Don’t be a chicken — literally

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chickens

Caution: This is a chicken-and-egg story.

Late this winter, as our Covid pandemic was waning, many bird species — and especially chickens — were suffering their own terrible pandemic, the spread of “highly pathogenic avian influenza (HPAI),” noted, FERN, the Food & Environmental Reporting Network May 31.

How terrible? Since January, 38 million chickens have died in the U.S. either because of HPAI outbreaks or the culling of flocks where it was found.

Three out of four of those losses, or 29 million birds, were egg-laying hens, explains the U.S. Department of Agriculture. Laying hens — and turkeys — are highly susceptible to HPAI. Those losses, in fact, are behind wholesale egg prices nearly doubling in the past six months, not inflation.

Worldwide it’s estimated that more than 77 million birds, “have been culled to curb the spread of the virus,” noted the journal Nature May 26. “Another 400,000 non-poultry birds, such as wild birds, have also died in 2,600 outbreaks — twice the number reported during the last major wave, in 2016-17.”

Some relief

While it’s been terminal for millions of birds, most U.S. poultry farmers have or will receive USDA money to mitigate their losses. On May 27, Secretary of Agriculture Tom Vilsack announced $400 million will be added to an initial $400 million to both help fight the spread of HPAI and reimburse flock owners for losses.

Now it’s Mother Nature’s turn. Since the pathogen thrives in cold weather and withers in warm, growers and the government are hopeful its spread will soon run its course. Preliminary flock numbers from May suggest that’s what’s happening.

Still, the HPAI outbreak this year wasn’t as widespread or costly as the one in 2016/17. In that avian pandemic, “Some 43 million laying hens and pullets” — immature hens — “died along with 7.4 million turkeys,” reports FERN.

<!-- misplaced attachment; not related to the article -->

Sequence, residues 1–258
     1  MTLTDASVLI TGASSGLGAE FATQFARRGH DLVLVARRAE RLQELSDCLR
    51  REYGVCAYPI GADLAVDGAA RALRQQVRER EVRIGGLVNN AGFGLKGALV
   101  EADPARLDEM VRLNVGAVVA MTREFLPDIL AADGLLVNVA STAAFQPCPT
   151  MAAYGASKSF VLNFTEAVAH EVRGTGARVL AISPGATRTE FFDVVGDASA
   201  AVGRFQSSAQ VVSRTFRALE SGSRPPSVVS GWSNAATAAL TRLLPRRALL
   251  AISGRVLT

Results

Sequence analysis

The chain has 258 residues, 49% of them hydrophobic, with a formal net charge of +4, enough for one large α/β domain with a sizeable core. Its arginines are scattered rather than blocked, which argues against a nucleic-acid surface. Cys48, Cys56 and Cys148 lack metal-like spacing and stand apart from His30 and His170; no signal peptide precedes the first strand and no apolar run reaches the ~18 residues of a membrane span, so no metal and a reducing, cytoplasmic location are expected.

Big business

It’s a remarkable statement about the American food system that almost 80 million chickens and nearly 10 million turkeys can be destroyed in eight years to limit two devastating avian pandemics without most of us even noticing. 

Equally remarkable is why: 80 million chickens is truly just a drop in the proverbial ocean that is the poultry industry in the United States.

For example, according to USDA’s monthly poultry data, there were 366 million egg-laying chickens in the U.S. on May 1. Most produced “table” eggs and 62.5 million produced “broiler-type hatching eggs” that, once peeping, will be in frying pans in under eight weeks. (Their brief lives is the key reason most broiler flocks remain HPAI-free.)

As such, the recent outbreak of avian flu claimed the lives of 8 percent of the average monthly egg-laying flock this winter.

Quality of life

But even if a flock avoided an outbreak, a laying hen’s life is nothing to cluck about. According to USDA, the “rate of lay per day,” or productivity, per every 100 laying hens is 79.4 eggs. That efficiency (American hens laid 628 million dozen, or 7.5 billion, table eggs in April) carries a high cost: the average layer is “spent” — to use USDA lingo — in just 118 weeks.

And spent in the hen world means spent. In its recent annual Poultry-Production and Value Summary, USDA reported that 151.6 million chickens— almost all egg layers — were “lost” in 2021, defined as “Includes rendered, died, destroyed, composted, or disappeared for any reason except sold during the 12-month period.”

USDA also noted that 180.1 million laying hens weighing 1 billion pounds were “sold for slaughter” for just $14.9 million, or a bony 14 cents per pound. 

Meanwhile, over in the broiler chicken world — a world dominated by Tyson Foods, Pilgrim’s Pride, and Sanderson Farms — fortunes are being made. USDA reports that the value of 2021 U.S. broiler production was $31.5 billion, up a whopping “48% from 2020” while the number of birds marketed, 9.1 billion, was virtually unchanged from the year before.

So, what came first — the chicken or the egg? You decide, but given the business structure of both sectors, it’s likely your tax dollars are going into each enterprise.

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Alan Guebert was raised on an 800-acre, 100-cow southern Illinois dairy farm. After graduation from the University of Illinois in 1980, he served as a writer and editor at Professional Farmers of America, Successful Farming magazine and Farm Journal magazine. His syndicated agricultural column, The Farm and Food File, began in June, 1993, and now appears weekly in more than 70 publications throughout the U.S. and Canada. He and spouse Catherine, a social worker, have two adult children. farmandfoodfile.com

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